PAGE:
Is the reason Google support is …. because they can’t fix anything?

If you’ve ever had an issue with Google Assistant, chances are Google’s support has advised you to do things such as factory reset a speaker, set up a Nest Hub device from scratch, change the Google account that you’re using with the speaker, give them the firmware version of the speaker, switch the Wi-Fi access point, change internet providers, change DNS settings, and otherwise jump through a series of hoops that will never resolve anything but will keep you busy until Google eventually fixes the problem on their end.

TL;DR – editorial on lack of logging, vague useless error messages, and a history of pointing the finger at the user for screwing up

Assistant is a walkie talkie

Correct me if I’m wrong here, please do so nicely, but the firmware on Google Home, Nest Hub, Etc. has mostly one purpose – to relay information (your voice,) at the correct time from your device, to Google’s AI cluster, and get back a result to execute. There’re some limited smarts on the device. For example the Nest Hub Max has enough processing power to tell who you are and when you’re looking at it. The devices are smart enough to only start processing when they’ve heard the wakeup trigger word. But mostly you can think of them as a smart walkie talkie talking to an AI out on the internet that will do voice processing and context recognition.

Seriously, try and use one without internet and see if it can even recognize your voice beyond the trigger word.

One of the reasons I created routines in the Google Home app was to cut down on the chances that google would mis-hear me. One of my routines involves the text “play white noise on master bedroom home.” This is how I prevent the bedside speaker from randomly mishearing and blaring out “this is what an elephant sounds like! BLARRRRRRT.” Master Bedroom Home is a Home device, in the bedroom.

This is why I know when crap like the creepy hissing lady starts playing, it’s not my side mishearing me, it’s Google’s side mis-processing. The command is the same, every time. The account is the same. Every time. Google’s AI has decided to change the response and no amount of turning my Google Home upside down, beating my chest, or throwing the unit through a window is going to change that the cloud AI has decided I want creepy women hissing at me. I mean no problem if that’s your thing, but yeah, doesn’t get me to sleep.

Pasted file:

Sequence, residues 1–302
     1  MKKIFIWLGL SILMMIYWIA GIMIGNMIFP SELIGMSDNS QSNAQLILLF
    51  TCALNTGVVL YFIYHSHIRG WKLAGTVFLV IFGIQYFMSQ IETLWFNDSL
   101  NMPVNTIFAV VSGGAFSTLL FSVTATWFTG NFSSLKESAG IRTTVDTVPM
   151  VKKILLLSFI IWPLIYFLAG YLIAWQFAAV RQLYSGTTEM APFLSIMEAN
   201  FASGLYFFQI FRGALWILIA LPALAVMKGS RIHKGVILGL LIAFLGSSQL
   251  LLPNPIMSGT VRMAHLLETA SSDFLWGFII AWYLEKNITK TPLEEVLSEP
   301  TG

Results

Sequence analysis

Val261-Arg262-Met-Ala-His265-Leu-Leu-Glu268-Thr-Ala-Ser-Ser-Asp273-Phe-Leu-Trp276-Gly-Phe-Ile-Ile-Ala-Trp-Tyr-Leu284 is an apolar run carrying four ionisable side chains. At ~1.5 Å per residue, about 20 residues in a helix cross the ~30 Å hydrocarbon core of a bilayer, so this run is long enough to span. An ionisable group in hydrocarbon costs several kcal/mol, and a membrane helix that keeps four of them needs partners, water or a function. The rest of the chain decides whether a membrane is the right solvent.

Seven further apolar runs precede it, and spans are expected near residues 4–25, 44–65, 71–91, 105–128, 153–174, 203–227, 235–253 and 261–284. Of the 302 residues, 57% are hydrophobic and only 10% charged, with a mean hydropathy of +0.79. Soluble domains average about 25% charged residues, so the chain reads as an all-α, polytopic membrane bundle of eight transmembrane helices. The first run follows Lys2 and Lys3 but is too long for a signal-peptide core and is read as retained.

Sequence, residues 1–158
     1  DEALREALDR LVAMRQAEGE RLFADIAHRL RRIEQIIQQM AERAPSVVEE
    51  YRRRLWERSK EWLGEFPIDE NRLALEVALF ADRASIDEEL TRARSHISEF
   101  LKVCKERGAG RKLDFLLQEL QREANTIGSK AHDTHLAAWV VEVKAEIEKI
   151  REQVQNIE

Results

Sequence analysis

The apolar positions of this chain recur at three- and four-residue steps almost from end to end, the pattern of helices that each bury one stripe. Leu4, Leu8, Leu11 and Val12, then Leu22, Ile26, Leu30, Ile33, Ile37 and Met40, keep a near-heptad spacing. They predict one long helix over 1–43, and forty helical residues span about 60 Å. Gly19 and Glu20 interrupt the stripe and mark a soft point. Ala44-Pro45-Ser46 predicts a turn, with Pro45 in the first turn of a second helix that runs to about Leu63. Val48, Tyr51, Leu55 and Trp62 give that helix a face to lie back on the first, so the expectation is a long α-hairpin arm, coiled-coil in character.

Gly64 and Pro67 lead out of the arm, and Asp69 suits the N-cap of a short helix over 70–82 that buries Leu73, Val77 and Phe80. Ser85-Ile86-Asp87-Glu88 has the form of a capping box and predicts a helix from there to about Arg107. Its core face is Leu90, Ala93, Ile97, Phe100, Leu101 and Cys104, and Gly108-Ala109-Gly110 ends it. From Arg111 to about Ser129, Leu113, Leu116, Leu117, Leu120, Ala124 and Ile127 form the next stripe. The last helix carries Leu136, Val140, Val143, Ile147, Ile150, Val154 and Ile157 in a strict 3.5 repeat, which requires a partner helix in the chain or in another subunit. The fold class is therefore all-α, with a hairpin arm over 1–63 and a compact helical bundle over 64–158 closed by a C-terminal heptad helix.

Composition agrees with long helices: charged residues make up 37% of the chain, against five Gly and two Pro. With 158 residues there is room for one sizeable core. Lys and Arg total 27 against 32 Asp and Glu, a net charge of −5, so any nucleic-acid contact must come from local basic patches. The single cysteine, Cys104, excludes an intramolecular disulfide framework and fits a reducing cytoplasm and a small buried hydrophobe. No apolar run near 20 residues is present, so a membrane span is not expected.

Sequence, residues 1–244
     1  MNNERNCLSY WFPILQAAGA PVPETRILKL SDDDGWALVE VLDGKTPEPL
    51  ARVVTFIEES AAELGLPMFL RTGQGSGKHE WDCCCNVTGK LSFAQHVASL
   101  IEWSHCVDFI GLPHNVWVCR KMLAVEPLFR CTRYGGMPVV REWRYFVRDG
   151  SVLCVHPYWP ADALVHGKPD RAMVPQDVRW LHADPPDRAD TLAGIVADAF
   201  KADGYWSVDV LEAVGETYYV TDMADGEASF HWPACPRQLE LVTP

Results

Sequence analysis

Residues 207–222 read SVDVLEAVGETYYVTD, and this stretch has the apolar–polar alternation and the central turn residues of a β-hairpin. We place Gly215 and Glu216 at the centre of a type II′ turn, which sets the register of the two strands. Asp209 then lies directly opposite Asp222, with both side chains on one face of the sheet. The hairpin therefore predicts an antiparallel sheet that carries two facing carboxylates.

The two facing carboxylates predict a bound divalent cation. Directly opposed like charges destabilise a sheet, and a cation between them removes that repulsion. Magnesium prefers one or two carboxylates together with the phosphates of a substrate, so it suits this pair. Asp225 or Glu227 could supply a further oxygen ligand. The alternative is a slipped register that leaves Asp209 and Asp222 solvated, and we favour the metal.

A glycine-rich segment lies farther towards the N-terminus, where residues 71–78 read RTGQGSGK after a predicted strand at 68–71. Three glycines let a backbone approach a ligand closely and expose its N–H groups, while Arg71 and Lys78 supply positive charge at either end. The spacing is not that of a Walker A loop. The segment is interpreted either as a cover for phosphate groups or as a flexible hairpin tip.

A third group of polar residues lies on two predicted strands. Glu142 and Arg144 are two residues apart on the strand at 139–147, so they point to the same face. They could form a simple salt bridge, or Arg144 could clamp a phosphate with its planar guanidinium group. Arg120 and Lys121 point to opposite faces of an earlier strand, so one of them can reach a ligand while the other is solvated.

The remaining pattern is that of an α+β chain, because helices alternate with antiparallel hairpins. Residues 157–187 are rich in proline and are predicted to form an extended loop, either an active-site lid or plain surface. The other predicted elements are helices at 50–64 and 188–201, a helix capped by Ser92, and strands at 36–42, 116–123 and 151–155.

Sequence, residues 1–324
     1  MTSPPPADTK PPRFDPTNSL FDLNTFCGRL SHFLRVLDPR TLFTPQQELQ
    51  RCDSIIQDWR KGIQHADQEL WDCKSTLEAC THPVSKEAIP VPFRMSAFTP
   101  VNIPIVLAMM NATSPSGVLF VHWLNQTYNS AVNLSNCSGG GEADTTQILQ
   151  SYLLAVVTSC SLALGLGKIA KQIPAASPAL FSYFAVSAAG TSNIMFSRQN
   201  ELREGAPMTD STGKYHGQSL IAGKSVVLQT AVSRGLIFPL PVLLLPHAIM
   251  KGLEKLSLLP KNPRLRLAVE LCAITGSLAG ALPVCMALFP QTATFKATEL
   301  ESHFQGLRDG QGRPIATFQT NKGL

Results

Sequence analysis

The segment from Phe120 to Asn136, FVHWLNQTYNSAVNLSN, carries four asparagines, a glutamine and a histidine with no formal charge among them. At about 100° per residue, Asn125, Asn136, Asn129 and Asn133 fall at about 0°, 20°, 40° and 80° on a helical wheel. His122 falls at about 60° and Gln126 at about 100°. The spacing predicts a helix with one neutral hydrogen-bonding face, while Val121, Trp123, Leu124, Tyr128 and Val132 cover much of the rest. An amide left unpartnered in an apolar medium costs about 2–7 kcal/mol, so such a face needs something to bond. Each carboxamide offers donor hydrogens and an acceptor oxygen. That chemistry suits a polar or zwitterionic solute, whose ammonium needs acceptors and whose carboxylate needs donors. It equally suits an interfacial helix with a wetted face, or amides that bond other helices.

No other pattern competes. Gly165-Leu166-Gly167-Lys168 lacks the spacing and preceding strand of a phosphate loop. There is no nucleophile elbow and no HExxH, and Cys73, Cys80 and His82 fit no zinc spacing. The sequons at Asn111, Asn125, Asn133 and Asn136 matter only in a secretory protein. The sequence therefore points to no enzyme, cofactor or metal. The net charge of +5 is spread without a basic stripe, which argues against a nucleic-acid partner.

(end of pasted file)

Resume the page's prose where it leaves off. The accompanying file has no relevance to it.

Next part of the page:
There’s nowhere to go

I recently took great pains to document a problem. I contacted Google’s support and asked where I could send the information. I was asked to reset my unit and tell them how that worked. I reiterated that I had exactly the problem laid out, how to reproduce it on anyone’s devices, and was told to give voice feedback if I wanted to get the problem to the right people.

I asked if they were unable to relay a bug report I’d so lovingly crafted to developers, and no. I was told I had to do voice feedback. This is a problem because there’s no way to get that amount of feedback into a voice message. Asking Google to give feedback generally cuts off after you get halfway in or you get all the way to the end and it tells you that there’s an error.

Worse yet, there’s a freaking long delay and you get me screaming “come on fucking google, your feedback is a shit sta…” before realizing that it had started recording… once again, sorry whoever had to hear me cursing at a 15 second delay trying to report a small easily reproducible bug.

I mentioned the the CSR that it was a page worth of text, and was told to go find the developer forums and post there. I asked if there was any way to just escalate me to a higher tier where I could email this and nope… asked which developer forum and given something like Android.dev – can not remember at the time but it was a labyrinth.

This sort of thing mirrors most of my experience with Google’s support. I mean seriously, just see any of the Nest Wifi + Mesh stuff I wrote. With the Nest Wifi, one of the big problems seems to be there’s no logging that can be given. Just a page that tells a little bit about the system and then recommendations from support to do something that never works for more than a week.